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"UNIX is dead; but most people in the business haven't noticed because the corpse hasn't begun to smell bad yet." That's what an academic computer scientist of my acquaintance said back in, oh, 1990 or thereabouts -- and he was quite right, within the field of computer science; the action had moved into commercial development. More recently, people who should know better have been saying the same thing, and advising everyone to switch to Windows NT. However, the doomsayers are all wrong. Before UNIX died someone from Finland swiped a tissue culture, and now its bastard clone offspring Linux is showing astonishing signs of vitality.
It's been a busy month; so busy my head's spinning. The big news is, of course, massive commercial buy-in; people who were pretending to ignore Linux back in June are now bowing down and praising it as the next thing since sliced bread -- probably because they've got a chance to grab some of that bread for themselves, while Microsoft is still in denial. Choir master to the procession of acolytes is a three- way toss-up: Marc Andreesen of Netscape (who started the commercial riot), Larry Ellison of Oracle, and Dr Michael Cowpland of Corel. All three companies have done violent flip-flops. Netscape are giving away the source code of Navigator, their most visible (but least profitable) product; Oracle are porting, er, Oracle: and Corel has ... well, "got religion" sort of sums it up. They're branching out into hardware, making ARM-based network computers that run Linux (the Netwinder machines), porting their entire software range (and giving away Word Perfect 8.0 free for non-commercial use), and in a Q&A session at the Atlanta Linux Showcase Cowpland said that Corel was actively going to support the WINE project.
Most of these commercial offerings will elicit a tired "so what?" from the open source people. Firstly they're, well, commercial, which in the Linux world is a bit like being a self-proclaimed member of the Communist party in 50's America. Secondly, there are open source alternatives to all of them that work in a limited manner right now, and will be serious competitors within a few months; virtually all open source projects are currently developing explosively as the avalanche gains momentum and fresh programmers join the development groups. Why use Oracle when there's GNU SQL Server or PostGreSQL? Who wants StarOffice or Word Perfect Office when there's KOffice, SIAG Office, and the GNOME office project? And so on: why accept the poisoned bait of commercial software when the free alternatives are available? I'll go into this question later -- it's an important one that's really divided the Linux community today, evokes strong emotional responses, and is only going to get worse over the next year. But first, the WINE business -- the first sign of commercial intervention which has the potential to be revolutionary.
WINE, if you haven't heard of it, is what Linus Torvalds has described as the killer application for Linux. WINE stands for Wine Is Not an Emulator; it's a collection of shared libraries (UNIX-speak for DLL's) that translate the Windows API's into system calls to Linux and the X windowing system so that Windows applications can run on Linux as fast (or in some cases faster) than they do on Microsoft's own OS. WINE has been around for a couple of years now, but hasn't reached even alpha release quality, for two reasons: the Windows APIs are a moving target, and Microsoft helpfully don't document all their internal system calls, forcing the WINE team to reverse engineer everything from scratch. However, WINE already runs most Windows 3.1 software and some Windows 95 applications; allegedly it's very close to a breakthrough, at which point enough of the Win32 interface will be in place to let something like 99.8% of Windows applications run like a dream.
After Linux itself, WINE is the open source project most likely to give Bill Gates nightmares. His worst-case scenario runs like this:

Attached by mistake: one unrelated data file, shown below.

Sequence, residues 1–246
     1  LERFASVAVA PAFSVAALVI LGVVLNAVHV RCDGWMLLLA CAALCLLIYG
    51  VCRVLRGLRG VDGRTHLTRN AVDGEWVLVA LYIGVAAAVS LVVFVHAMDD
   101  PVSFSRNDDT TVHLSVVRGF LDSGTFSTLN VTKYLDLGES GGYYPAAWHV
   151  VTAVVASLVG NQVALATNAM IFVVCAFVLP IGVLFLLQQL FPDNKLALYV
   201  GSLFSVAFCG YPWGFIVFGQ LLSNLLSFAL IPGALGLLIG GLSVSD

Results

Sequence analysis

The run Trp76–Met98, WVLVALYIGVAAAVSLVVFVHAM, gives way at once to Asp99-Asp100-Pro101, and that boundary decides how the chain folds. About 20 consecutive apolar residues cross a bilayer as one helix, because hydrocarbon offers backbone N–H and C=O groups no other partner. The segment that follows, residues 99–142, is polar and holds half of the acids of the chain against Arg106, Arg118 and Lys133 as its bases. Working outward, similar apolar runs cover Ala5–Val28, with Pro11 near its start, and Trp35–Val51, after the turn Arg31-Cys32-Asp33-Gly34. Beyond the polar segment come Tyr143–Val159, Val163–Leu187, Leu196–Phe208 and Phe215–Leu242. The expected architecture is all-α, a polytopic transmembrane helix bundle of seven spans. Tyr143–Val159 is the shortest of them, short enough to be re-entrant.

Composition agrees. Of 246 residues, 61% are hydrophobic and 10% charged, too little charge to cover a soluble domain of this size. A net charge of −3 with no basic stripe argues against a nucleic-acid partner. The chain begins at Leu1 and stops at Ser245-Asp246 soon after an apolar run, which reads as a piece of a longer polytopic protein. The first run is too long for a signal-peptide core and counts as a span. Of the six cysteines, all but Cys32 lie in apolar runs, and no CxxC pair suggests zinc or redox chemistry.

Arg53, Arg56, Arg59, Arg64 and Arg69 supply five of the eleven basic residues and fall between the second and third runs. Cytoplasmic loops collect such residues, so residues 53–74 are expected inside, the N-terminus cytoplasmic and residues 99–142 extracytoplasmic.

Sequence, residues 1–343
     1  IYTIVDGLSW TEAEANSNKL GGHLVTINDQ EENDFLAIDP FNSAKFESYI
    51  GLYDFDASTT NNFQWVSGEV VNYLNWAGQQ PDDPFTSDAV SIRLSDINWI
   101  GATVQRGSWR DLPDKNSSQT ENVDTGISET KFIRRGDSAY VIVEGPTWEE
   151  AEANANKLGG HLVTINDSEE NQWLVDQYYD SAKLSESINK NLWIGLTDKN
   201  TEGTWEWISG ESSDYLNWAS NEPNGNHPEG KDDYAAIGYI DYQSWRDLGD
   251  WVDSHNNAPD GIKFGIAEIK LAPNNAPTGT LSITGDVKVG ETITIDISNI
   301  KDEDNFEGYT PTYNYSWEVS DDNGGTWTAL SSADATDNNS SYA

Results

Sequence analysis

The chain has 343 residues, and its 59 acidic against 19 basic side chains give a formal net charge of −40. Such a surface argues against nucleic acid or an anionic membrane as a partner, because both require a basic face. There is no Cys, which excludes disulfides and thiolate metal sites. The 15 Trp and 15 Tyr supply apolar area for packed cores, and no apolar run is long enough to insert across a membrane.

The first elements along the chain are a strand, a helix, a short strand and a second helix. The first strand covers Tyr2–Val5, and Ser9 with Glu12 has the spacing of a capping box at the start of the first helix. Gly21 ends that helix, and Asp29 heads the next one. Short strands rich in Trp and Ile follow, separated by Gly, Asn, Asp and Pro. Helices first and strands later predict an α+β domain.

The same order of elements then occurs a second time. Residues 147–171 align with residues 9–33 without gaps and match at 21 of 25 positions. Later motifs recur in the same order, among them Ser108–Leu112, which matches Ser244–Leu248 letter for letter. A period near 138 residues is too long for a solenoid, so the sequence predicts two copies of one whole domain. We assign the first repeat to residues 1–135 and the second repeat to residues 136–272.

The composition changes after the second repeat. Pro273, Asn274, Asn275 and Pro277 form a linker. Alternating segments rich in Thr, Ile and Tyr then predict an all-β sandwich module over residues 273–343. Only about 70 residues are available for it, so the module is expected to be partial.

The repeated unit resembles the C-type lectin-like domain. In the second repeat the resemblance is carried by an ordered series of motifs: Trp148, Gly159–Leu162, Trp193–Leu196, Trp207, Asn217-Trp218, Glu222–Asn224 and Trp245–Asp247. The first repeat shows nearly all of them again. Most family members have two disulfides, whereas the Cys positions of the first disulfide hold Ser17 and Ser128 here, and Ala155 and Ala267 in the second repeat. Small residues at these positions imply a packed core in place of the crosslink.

- Pointy-Haired Boss:
- [ to Bastard Operator From Hell ]: Hey, what's this loo-nix thing I keep reading about in TIME magazine? Is it some kind of program for Windows?
- You don't want to know about it.
- Why not?
- I could tell you, but then I'd have to kill you.
- [ smiling ingratiatingly ] So tell me.
- [ sighs ] It's an operating system.
- Oh, you mean like Windows NT 5.0? Is that all?
- [ through gritted teeth ] It's a lot faster and more reliable than NT 5.0. It doesn't crash. It's the reason your netware and web and ftp and mail servers don't crash.
- Must be expensive then.
- Nope, it's free.
- So who do we sue when it goes wrong?
- You don't -- (a) it doesn't go wrong, and (b), you pay me to fix it.
- But it doesn't run Microsoft Money.
- Put WINE on it and it does.
- But we've just spent five hundred pounds upgrading every workstation in the company to run Windows NT 5.0! Now you tell me there's a free alternative that runs all our software! What am I going to do?
- [ pulls out Uzi nine millimetre ]: Die!
Cowpland thinks WINE is the argument clincher for Linux. He's not alone. If it works, it removes at a stroke the cost of throwing away all those existing Windows application licenses and buying (or learning) new ones. Which is why Corel desperately need it; seeing their share of the Windows office market shrinking inexorably, they're trying to switch platforms to the only non-Microsoft OS that currently has a growing market share. But unless they can find some way of getting the great unwashed masses to join them, they're out on a limb. Corel is vulnerable because their profits rely on selling into a mass-market client platform. Linux is currently a hobbyist and server niche market; it simply can't provide the volume sales necessary to sustain an application vendor like Corel.
But if Corel can get WINE firing on all four cylinders, they could point Linux at the mass market and make an end-run around Windows 98 before Microsoft wakes up to what's happening. Microsoft's current propaganda position on Linux is to write it off as either a hobbyist thing, or unreliable, or a niche-market alternative for servers. But a lot of corporate customers are thoroughly fed up with Microsoft right now; the shift from per-session to per-user licensing has hiked their fees by up to 400%, NT 5.0 is behind schedule, NT 4.0 is up and down faster than you can say Monica Lewinsky, and if someone offered them an alternative (for FREE!) which runs Windows NT and Windows 95 applications (and is FREE!) and doesn't crash (and is FREE!), they might just be tempted to ditch Windows altogether and switch all their workstations to Linux. In which case, Microsoft stock wouldn't be worth the paper it's written on.